After environmental studies on the White Slough, Caltrans widened and elevated that section of the road and converted it to a freeway. To accommodate bicycles and pedestrians, a cycleway was built along the eastbound side of the freeway. Finally, Caltrans completed the overpass which crossed SR 29, Broadway, and Mini Drive (bypassing Marine World Parkway, three traffic signaled intersections, and a railroad grade crossing). The project was completed in the summer of 2005,[7] and fully open to traffic on August 20.[27]


Since 2011, the Road Ecology Center at the University of California, Davis has partnered with Caltrans and other regional and local entities to collaboratively plan future scenarios for SR 37.[28] Since 2014, this has focused on structural and locational adaptations to the highway in response to potential sea level rise impacts. This is one of the first highways in the country to face vertical or geographic re-location due to likely sea level rise impacts. The most popular option with stakeholders is to place the highway on a causeway, allowing it to escape flooding from sea level rise and reduce impacts to the marshes. This would not eliminate traffic noise impacts to birds, mammals and human communities adjacent to and near (< 1 km) the highway. Other options considered have included placing the highway 3–4 meters higher on a levee, building a tunnel for the highway under the North Bay, and realigning the highway with existing highways to both eliminate impacts to the marshes and avoid sea level rise impacts.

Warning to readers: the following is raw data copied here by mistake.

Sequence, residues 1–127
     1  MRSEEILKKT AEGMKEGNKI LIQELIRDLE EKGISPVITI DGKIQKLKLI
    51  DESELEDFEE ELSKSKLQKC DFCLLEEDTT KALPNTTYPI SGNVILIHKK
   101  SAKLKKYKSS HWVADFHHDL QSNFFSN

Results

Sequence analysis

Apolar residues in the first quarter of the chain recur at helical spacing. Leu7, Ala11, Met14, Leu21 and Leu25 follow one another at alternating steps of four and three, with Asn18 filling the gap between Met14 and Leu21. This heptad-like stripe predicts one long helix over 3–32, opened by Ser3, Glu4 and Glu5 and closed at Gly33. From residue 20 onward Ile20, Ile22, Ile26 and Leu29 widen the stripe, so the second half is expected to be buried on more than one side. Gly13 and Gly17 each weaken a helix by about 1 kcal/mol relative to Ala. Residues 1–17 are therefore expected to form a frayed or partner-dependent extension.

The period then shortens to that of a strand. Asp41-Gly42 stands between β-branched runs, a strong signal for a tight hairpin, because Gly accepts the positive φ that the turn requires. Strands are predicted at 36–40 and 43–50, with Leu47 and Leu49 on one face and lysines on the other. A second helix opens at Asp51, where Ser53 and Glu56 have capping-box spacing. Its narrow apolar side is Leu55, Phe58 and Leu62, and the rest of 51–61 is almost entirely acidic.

Major intersections